Provide access routes for young people and implement youth friendly recruitment practices to build your talent pipeline and ensure your organisation is socially and age diverse.
CIPD research has uncovered a clear mismatch between employers’ expectations of young people during the recruitment process and young people’s understanding of what is expected of them. This is hindering young people’s access to the labour market and contributing to high rates of youth unemployment. It is also causing a ticking time bomb of skills shortages for UK businesses, which are unwittingly cutting themselves off from a diverse pool of talent.
There are a number of steps employers can take to help bridge the gap between themselves and young people, in order to make recruitment practices more youth friendly. This includes thinking about how to bring more young people into the business, either by creating new access routes such as apprenticeships, internships, traineeships, school leaver programmes or graduate schemes or by re-designing existing entry-level positions.
The way that roles are advertised is also important and a range of recruitment methods will ensure the role is visible to the widest possible talent pool. Short listing and selection processes should be transparent, so young people know what to expect. You will also get the most out of a young person during interview stage if you help to put them at ease. Finally, where possible provide feedback, by doing this you can directly influence young people’s behavior in the recruitment process and help them succeed in the future.
Read Employers are from Mars, young people are from Venus: addressing the young people/jobs mismatch for further insight into the mismatch between employers and young people at the recruitment stage. The CIPD Apprenticeships that Work guide provides information on introducing an apprentice to your organisation.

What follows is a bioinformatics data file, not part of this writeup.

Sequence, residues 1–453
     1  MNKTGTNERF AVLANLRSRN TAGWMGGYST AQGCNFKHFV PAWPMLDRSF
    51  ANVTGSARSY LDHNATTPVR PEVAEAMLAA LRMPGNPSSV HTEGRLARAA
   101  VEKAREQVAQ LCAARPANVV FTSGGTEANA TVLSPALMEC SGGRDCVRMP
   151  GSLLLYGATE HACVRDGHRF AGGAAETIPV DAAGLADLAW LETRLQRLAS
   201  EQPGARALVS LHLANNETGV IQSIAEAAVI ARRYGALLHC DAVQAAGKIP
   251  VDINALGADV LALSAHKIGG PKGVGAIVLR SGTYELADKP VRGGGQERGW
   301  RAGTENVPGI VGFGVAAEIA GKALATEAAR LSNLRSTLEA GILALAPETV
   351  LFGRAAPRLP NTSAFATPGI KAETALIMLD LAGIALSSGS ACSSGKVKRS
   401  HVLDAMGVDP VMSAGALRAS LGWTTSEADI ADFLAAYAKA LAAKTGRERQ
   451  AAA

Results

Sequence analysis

Issues around mismatch in supply and demand of Apprenticeship vacancies is explored in our The match factor: good practice in Apprenticeship recruitment report which makes a number of additional recommendations to employers and learning providers.
Act as a youth employment champion and look for opportunities to make recruitment practices within your organisation as youth friendly as possible. Read our Recruiting young people: top tips for employers booklet for the key information on how to do this.
Provide entry level job opportunities for young people such as apprenticeships, school leaver programmes and graduate schemes and review existing positions – consider if the role you are recruiting for really requires previous work experience and make sure experience gained through voluntary roles is also recognised.
Review your recruitment methods – ensure your selection and interview practices are suitable for young candidates and provide guidance and training for line managers on how to interview young people.
You could also consider working with your local Jobcentre Plus offices to see whether there is more your organisation can be doing to recruit unemployed young people via the BiTC and Department for Work and Pensions GenerationTalent programme.